In July 1997, ValuJet Inc. announced plans to acquire AirTran Corporation. Although ValuJet was the larger and better known airline, it opted to rename and rebrand itself as AirTran Airways, incorporating a new logo (a simple script teal “a”), a new slogan (“It’s something else”) and a new dual-class seating system. As of September 24, 1997, the ValuJet brand was permanently retired and the “Critter”, which had been both the name of the distinctive cartoonish aircraft painted on all ValuJet aircraft and the airline’s callsign, became history, as the new entity retained the original AirTran’s callsign of “Citrus”.

The new AirTran Airways did not just want to cater to leisure travelers with its low fares—a philosophy it had inherited from Valujet—it also wanted to attract business travelers. Typically, this segment did not fly with low-fare airlines, so AirTran introduced a Business Class on all of its aircraft and reconfigured all its DC-9s to 16 business and 90 economy class seats. AirTran would go through a massive and very successful turnaround, as its executives worked extremely hard to turn ValuJet’s somewhat tarnished reputation into AirTran’s new and better one. The airline would still keep ATL as its main hub, but would be headquartered in MCO.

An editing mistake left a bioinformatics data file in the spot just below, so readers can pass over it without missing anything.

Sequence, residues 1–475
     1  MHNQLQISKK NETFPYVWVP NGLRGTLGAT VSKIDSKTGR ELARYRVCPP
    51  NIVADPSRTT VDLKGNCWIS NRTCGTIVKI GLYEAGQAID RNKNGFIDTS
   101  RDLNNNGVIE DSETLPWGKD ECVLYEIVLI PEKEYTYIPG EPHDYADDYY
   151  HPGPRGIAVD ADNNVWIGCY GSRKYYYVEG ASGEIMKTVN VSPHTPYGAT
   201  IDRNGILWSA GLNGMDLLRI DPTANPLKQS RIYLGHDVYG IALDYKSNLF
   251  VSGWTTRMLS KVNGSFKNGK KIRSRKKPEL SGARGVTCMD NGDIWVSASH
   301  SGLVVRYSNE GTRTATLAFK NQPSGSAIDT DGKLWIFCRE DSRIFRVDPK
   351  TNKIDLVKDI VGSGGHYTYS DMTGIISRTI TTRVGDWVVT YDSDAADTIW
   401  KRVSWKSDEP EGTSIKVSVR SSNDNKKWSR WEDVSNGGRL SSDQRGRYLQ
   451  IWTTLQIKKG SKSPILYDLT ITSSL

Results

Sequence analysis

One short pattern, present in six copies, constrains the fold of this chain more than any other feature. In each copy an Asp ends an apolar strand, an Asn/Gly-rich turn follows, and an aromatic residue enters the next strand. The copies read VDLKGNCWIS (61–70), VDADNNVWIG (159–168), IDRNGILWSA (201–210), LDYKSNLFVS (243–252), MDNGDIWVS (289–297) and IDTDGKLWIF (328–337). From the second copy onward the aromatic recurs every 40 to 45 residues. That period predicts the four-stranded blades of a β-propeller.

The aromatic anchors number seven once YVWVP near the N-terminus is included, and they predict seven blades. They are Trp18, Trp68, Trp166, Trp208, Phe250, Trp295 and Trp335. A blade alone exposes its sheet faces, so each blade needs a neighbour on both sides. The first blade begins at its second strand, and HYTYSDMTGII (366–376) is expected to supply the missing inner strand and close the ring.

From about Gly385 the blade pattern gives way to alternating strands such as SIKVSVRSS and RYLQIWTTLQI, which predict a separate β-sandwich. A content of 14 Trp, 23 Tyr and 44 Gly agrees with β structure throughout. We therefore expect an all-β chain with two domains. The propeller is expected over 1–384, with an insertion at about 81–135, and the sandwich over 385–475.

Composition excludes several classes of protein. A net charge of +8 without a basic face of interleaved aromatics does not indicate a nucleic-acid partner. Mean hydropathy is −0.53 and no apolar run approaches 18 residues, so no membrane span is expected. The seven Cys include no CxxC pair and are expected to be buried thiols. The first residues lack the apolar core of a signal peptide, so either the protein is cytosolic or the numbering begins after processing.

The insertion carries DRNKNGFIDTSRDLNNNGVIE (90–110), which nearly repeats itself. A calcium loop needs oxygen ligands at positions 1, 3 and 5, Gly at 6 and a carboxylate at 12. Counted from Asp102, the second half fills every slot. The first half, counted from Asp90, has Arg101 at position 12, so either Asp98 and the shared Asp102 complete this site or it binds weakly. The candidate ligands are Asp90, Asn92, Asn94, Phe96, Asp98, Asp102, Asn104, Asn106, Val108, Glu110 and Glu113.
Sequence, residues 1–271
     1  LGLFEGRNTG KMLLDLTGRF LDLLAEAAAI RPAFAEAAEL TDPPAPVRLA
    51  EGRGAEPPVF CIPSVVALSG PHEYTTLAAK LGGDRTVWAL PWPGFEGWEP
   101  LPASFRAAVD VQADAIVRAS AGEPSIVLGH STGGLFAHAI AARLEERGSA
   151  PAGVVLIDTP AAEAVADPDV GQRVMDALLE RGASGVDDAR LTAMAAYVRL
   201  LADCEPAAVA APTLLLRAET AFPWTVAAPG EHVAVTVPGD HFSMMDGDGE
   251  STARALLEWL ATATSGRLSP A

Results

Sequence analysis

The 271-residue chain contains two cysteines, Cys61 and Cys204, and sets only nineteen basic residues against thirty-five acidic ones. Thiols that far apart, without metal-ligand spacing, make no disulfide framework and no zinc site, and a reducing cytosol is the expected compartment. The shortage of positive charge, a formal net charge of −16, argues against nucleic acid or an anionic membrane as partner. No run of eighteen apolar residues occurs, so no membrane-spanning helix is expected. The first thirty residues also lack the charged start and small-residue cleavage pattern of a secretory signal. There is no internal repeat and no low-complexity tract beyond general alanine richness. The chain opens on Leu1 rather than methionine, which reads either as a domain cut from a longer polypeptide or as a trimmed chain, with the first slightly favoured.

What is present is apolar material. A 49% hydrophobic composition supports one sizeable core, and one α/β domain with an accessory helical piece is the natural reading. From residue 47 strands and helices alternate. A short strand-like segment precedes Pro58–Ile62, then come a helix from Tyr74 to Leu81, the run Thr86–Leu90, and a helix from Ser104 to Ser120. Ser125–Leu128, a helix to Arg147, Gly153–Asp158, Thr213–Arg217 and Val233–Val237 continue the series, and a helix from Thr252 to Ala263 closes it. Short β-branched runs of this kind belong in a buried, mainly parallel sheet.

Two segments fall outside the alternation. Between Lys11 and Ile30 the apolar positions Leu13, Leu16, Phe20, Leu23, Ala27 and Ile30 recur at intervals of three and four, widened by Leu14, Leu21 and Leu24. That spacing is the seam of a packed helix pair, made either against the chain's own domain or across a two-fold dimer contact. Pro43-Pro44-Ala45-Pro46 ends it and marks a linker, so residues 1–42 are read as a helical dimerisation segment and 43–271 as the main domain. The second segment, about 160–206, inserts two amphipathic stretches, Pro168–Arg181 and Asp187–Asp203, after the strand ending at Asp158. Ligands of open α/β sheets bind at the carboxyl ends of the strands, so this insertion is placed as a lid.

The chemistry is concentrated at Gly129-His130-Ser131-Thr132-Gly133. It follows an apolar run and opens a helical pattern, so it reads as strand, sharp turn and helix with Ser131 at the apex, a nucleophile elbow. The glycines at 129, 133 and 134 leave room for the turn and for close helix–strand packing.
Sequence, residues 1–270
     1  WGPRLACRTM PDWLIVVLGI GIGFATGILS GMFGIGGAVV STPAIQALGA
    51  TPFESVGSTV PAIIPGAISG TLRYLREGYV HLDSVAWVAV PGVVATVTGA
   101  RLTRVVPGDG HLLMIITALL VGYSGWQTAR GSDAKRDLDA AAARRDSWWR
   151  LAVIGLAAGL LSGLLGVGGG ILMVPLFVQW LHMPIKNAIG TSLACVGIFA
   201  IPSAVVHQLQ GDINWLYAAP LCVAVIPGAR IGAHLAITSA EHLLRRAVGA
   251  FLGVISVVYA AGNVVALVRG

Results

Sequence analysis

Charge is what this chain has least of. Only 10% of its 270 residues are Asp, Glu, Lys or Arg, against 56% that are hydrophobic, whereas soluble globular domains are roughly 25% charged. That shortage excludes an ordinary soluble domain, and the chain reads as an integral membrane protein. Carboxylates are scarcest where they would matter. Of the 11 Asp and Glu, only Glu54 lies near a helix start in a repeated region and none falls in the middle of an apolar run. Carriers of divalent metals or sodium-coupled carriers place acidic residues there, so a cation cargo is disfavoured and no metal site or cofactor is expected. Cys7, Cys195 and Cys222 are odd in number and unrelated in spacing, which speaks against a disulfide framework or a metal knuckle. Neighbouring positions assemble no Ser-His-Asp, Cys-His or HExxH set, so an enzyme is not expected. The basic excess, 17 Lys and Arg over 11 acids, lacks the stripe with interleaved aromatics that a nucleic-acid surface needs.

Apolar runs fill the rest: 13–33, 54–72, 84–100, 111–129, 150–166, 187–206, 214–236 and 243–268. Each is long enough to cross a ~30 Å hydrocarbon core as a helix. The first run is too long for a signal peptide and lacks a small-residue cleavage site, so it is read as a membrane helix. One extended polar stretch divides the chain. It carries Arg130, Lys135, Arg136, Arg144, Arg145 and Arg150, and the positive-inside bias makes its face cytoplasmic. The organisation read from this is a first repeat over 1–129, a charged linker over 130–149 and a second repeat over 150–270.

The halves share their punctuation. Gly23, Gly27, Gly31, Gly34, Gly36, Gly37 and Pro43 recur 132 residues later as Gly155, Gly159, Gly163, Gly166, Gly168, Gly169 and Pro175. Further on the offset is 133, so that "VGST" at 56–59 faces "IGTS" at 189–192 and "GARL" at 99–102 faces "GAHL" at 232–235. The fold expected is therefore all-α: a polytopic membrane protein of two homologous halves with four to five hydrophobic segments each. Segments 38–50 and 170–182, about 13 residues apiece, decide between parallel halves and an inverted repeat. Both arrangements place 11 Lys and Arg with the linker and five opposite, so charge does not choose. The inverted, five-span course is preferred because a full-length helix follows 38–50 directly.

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To everyone’s surprise, bringing ValuJet and AirTran Corporation together proved to be a smooth operation, and, overall, employees were onboard and supportive. Many of the latter cited both the old and new managements’ focus on ensuring that employees came first, which was an approach quite similar to that of Southwest. In the summer of 1998, the two airlines became one in the eyes of the FAA when they received their single operating certificate, and, six months later, a new management team took over, led by Joe Leonard, a veteran of Eastern Air Lines, and Robert L. Fornaro, from US Airways.